Singing Coach

 12 July 2012

Singing coaches or singing teachers work with individuals or groups of singers to develop and improve their singing ability and technique.

Aim to get as much experience of singing a very wide range of music.
Aim to get as much experience of singing a very wide range of music.

What is the job like?

They prepare singers for live performances, either individually or in a group and encourage singers to develop confidence and overcome stage nerves

They may specialise in a particular type of singing, such as rock/pop, opera, jazz, soul or choral. Coaches may work on-stage with live acts during rehearsals. The voice is a very delicate instrument, and coaches need to help singers take care of their voices, and not over-use or damage the vocal chords.

The work includes:

  • Using warm-up exercises including scales and arpeggios
  • Helping singers to get the best possible sound from their voices, using different vowel sounds and shapes
  • Teaching various techniques including breathing exercises, accurate placement of notes and the best posture for singing
  • Teaching improvisation, sight-reading, and music theory including melody and harmony
  • Providing help with diction and pronunciation
  • Helping singers to project their voices and to extend their vocal range
  • Enabling singers to develop vocal strength and flexibility
  • Teaching vocal articulation – how to sing notes legato (smoothly) and staccato (detached).

Vocal coaches also need to have an understanding of speech, and knowledge of this area will help them address general voice issues and deal with any potential health problems.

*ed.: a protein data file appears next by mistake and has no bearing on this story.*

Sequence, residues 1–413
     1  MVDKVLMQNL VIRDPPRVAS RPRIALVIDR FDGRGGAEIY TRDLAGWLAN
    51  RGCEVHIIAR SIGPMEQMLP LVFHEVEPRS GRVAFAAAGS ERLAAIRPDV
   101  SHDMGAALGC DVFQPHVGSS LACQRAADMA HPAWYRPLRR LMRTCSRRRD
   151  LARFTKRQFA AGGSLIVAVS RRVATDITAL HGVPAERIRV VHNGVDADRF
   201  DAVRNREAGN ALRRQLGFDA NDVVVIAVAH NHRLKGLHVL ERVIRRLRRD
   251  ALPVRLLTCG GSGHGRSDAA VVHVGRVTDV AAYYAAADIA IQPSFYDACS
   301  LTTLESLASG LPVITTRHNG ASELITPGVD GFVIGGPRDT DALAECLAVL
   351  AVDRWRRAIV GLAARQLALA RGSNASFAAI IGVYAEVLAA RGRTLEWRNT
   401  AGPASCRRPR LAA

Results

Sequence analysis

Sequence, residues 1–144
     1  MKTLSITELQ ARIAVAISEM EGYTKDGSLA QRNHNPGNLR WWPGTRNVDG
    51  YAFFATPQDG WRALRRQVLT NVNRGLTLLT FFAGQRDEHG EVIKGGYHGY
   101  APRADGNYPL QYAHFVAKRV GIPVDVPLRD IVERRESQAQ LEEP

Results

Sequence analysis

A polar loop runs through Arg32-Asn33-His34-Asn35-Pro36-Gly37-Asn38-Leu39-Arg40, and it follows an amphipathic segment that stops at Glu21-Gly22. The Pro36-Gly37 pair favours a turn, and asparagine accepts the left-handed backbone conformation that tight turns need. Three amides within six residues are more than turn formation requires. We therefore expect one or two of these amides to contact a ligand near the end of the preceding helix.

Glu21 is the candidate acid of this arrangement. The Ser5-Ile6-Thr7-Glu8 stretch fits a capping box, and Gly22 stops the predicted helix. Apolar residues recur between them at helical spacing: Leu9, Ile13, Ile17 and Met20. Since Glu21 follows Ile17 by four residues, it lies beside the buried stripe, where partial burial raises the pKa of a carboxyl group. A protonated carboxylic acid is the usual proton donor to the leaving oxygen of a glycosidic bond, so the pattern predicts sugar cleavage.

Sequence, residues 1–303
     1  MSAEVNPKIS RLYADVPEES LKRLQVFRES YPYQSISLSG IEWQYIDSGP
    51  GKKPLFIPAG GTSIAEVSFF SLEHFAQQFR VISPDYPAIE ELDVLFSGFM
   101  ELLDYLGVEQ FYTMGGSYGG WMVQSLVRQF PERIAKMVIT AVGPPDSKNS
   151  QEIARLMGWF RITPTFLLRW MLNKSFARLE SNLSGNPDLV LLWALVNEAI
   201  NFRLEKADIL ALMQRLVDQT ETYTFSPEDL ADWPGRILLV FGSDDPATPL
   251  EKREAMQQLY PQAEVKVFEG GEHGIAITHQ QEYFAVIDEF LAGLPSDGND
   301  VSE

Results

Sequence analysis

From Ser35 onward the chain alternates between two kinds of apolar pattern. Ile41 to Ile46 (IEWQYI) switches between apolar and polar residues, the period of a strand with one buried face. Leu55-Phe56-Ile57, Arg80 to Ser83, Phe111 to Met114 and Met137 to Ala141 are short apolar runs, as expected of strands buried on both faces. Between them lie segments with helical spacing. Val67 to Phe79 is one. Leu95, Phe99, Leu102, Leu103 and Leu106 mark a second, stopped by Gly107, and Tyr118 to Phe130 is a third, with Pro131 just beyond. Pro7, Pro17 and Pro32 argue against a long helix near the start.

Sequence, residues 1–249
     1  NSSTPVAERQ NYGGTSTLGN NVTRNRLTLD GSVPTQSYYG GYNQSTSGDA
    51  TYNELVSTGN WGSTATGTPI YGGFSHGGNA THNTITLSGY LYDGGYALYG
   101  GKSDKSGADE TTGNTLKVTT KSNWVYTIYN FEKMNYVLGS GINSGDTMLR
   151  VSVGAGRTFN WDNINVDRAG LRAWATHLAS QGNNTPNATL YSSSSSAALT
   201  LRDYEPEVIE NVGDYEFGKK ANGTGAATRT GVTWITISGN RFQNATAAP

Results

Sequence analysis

Many vocal coaches are self-employed, and therefore need to do their own marketing and publicity.

How do I become a singing coach?

Extensive experience as a singer is vital. Whilst still at school join in with choirs and any other singing groups and investigate youth choirs in your area. You might want to join with friends and form a singing group or choir.

Aim to get as much experience of singing a very wide range of music. Vocal coaches also need to play a musical instrument, preferably the piano.

Ability with languages is helpful in the classical and operatic worlds, where music is sung in German, Italian and so on.

As well as singing experience vocal coaches, like all teachers, need to have the right blend of personal qualities. You need to have good communication skills, and be patient and encouraging in equal measure. You also need to be patient, as you will probably be running your own business.

What training and qualifications should I take?

Helpful school subjects are music GCSE and AS/A level, and you can also take graded singing examinations such as the Associated Board of the Royal Schools of Music (ABRSM), Rockschool vocals and Trinity College London.

Many singers will progress to further or higher education courses in music and may also take specialist teaching qualifications.

Courses include:

  • BTEC Level 2 Diploma in Music
    Entry with 2 GCSE (A-D) passes
  • BTEC Level 3 Diploma in Music
    Entry with 4 GCSE (A-C) passes
  • Degree courses in Music
    Including Popular Music as well as more traditional conservatoire BMus courses. Entry requirements vary, but generally include 2 A levels (usually with music) and 5 GCSE (A-C) passes and graded passes in musical instruments or singing. Entry is via audition and interview.

If you wish to teach music full-time in a school you will need Qualified Teacher Status (QTS)

The Associated Board of the Royal Schools of Music offer a part-time specialist Certificate of Teaching qualification, (CT ABRSM Plus), with a pathway in vocal technique.

The University of Reading offers a postgraduate MA course in Instrumental Teaching (including vocal teaching).

What can I earn?

The pay for singing coaches and teachers can vary widely. They normally charge an hourly rate - £30 an hour is an average rate, although this could be much higher in certain areas of London. Travelling time and fares are sometimes charged in addition to the hourly rate.

The most experienced coaches working with top singers can command much higher rates per hour or per session, perhaps £1000 per half-day.

Singing coaches are normally freelance, although may be employed on a more permanent basis in a university or music college.

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